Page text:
☕ Happy Saturday!
Situational awareness ... Trump tweets: "Will be leaving for Dover [Air Force Base] to be with the families of 4 very special people who lost their lives [in Syria this week] in service to our Country!"
Last night's rare on-the-record statement from the Mueller team is a reckoning that journalism had coming: Amid some of the most impressive reporting of our lifetimes, there's plenty of questionable coverage in this shock-a-minute era.
Jonathan Swan points out that BuzzFeed's report that President Trump directed Michael Cohen to lie to Congress, if true, would put this presidency at existential risk.
Democrats read the story and began immediately dreaming up articles of impeachment.
BuzzFeed asserted that the accusation was supported by copious documentary evidence that would’ve cleanly fit attorney general nominee Bill Barr’s on-the-record definition of obstruction: internal Trump Organization "emails, text messages, and a cache of other documents."
Some of the coverage suggested end times for Trump:
Be cautious: This story is moving so fast.
P.S. My email exchange with BuzzFeed Editor-in-Chief Ben Smith:
Smith said in a phoner with MSNBC's Rachel Maddow: "This is a line of reporting that has been repeatedly vindicated."
We expect, based on Jonathan Swan's conversations with sources familiar with the speech, that President Trump will use 3 p.m. ET remarks from the Diplomatic Reception Room to propose some form of broad immigration compromise.
P.S. "House Democrats have added more than $1 billion in border-related spending to a package of funding bills that would reopen most of the government." (N.Y. Times)
"Former President George W. Bush treated his Secret Service detail to pizza to show his appreciation for their service without paychecks during the partial government shutdown," per AP.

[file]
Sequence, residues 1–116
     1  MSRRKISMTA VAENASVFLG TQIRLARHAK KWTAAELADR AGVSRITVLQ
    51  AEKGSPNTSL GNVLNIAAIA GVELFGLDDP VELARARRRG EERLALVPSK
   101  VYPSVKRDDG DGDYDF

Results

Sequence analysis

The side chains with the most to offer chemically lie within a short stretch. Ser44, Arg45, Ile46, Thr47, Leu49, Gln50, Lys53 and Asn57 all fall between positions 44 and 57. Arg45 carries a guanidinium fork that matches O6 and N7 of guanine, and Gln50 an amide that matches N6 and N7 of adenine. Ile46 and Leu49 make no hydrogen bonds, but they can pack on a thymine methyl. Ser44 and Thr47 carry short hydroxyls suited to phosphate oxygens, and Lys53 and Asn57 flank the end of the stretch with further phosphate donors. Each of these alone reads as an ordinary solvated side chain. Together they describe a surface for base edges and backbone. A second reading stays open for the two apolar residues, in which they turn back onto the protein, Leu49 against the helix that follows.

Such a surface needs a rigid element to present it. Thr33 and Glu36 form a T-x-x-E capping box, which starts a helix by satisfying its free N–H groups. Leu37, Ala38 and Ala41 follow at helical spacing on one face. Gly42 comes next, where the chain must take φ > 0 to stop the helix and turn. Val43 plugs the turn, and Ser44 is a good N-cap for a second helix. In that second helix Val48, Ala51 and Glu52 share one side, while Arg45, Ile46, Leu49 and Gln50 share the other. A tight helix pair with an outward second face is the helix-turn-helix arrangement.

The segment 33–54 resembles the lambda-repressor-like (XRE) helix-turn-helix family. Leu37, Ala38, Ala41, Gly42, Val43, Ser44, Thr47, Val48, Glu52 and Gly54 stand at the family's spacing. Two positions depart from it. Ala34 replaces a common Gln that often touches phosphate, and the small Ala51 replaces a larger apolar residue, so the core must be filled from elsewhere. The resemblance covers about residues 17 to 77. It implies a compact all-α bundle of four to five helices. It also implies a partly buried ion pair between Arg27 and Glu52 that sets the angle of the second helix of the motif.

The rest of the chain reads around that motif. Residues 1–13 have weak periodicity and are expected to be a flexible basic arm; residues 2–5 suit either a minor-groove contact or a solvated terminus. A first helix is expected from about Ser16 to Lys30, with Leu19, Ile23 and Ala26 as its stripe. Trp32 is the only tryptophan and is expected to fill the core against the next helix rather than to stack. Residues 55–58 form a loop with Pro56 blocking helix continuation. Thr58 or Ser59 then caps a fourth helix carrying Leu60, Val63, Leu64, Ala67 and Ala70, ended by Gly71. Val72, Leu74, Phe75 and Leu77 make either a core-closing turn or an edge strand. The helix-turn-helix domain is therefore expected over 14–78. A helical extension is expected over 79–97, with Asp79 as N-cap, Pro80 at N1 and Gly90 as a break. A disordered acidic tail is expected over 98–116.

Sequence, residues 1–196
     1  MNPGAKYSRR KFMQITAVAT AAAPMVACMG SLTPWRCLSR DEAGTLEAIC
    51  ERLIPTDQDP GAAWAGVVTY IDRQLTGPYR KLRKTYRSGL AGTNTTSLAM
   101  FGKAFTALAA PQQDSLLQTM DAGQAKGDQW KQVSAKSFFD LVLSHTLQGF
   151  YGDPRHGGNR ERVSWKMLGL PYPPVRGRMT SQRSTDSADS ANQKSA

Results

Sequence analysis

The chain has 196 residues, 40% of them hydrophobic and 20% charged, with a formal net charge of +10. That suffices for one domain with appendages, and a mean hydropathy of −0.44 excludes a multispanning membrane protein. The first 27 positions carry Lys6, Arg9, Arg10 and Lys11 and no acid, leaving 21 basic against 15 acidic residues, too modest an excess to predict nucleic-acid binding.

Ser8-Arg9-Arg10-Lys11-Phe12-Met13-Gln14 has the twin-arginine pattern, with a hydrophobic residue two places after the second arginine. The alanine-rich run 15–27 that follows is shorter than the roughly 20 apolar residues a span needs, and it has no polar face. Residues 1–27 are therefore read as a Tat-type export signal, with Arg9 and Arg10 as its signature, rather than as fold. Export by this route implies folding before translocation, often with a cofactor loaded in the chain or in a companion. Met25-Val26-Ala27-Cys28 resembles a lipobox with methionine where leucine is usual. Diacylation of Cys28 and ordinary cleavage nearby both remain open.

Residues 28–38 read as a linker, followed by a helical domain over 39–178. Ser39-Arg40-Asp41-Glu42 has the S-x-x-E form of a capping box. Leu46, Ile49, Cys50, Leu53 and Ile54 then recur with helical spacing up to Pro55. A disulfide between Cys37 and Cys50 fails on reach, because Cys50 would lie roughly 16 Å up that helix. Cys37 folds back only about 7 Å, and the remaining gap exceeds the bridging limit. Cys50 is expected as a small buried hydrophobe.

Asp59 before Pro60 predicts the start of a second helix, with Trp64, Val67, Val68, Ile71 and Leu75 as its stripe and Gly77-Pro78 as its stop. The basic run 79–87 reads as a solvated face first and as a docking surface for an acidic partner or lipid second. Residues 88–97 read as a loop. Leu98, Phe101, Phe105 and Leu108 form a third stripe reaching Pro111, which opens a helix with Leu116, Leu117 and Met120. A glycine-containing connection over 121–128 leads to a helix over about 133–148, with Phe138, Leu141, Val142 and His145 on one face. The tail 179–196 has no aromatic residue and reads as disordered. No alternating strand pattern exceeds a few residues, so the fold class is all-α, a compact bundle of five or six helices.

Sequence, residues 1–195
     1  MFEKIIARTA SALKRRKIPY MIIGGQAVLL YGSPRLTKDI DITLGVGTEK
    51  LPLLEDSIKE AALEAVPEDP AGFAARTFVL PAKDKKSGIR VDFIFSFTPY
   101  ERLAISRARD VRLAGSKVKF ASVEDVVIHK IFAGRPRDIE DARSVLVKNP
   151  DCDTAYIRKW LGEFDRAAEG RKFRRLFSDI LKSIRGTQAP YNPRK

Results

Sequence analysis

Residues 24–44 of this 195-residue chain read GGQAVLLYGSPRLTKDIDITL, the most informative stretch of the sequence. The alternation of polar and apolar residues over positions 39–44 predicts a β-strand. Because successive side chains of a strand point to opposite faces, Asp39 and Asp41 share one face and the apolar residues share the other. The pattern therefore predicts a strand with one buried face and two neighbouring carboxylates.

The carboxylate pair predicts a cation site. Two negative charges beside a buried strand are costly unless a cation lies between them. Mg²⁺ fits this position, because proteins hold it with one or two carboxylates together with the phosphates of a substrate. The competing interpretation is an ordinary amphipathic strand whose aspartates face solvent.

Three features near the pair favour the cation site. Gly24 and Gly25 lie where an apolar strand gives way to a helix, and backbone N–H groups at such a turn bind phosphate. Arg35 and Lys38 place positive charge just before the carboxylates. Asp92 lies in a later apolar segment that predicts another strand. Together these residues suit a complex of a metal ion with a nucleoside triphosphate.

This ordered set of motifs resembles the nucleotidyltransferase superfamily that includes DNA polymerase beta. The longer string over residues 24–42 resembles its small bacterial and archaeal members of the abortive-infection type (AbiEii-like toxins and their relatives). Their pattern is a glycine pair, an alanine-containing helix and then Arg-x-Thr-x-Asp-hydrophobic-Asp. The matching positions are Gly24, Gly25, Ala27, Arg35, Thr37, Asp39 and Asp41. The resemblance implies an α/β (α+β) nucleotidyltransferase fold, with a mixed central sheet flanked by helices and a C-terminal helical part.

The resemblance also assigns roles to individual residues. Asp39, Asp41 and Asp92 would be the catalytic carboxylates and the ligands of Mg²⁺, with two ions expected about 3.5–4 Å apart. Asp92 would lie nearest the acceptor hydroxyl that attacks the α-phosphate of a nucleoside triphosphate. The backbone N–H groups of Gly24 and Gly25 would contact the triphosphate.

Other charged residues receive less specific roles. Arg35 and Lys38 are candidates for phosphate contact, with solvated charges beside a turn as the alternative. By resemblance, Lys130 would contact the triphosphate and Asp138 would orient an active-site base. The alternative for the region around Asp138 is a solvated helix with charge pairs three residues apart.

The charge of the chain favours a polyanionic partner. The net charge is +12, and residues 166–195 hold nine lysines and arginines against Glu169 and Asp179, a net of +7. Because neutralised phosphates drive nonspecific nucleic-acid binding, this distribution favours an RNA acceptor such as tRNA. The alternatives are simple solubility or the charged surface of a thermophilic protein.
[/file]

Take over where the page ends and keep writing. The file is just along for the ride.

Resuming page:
"In August, Pope Francis declared the death penalty morally unacceptable in all circumstances and committed the church to its global abolition," Aliza Plener Cover of the University of Idaho College of Law writes in a piece in tomorrow's WashPost Outlook, adapted from the Yale Law Journal Forum:
Students and activists thronged the Mall yesterday during the annual March for Life.
"Advisers to former Starbucks CEO Howard Schultz have been exploring the possibility of launching an independent bid for the White House in 2020," the WashPost's Michael Scherer reports.
Starting tomorrow night, North and South America will see a total lunar eclipse and supermoon wrapped into one, AP's Marcia Dunn writes:
The eclipse starts Sunday night or early Monday, depending on where you are, and will last about three hours.
"During totality, the moon will look red because of sunlight scattering off Earth's atmosphere."
Watch a livestream from the Griffith Observatory in L.A., beginning just after 10:30 p.m. ET.
At the Australian Open in Melbourne today, preeminent champion Serena Williams, 37, consoled Dayana Yastremska, an 18-year-old from Ukraine, after defeating her 6-2, 6-1, AP's Howard Fendrich reports.
Then they embraced, and Williams patted Yastremska on the back.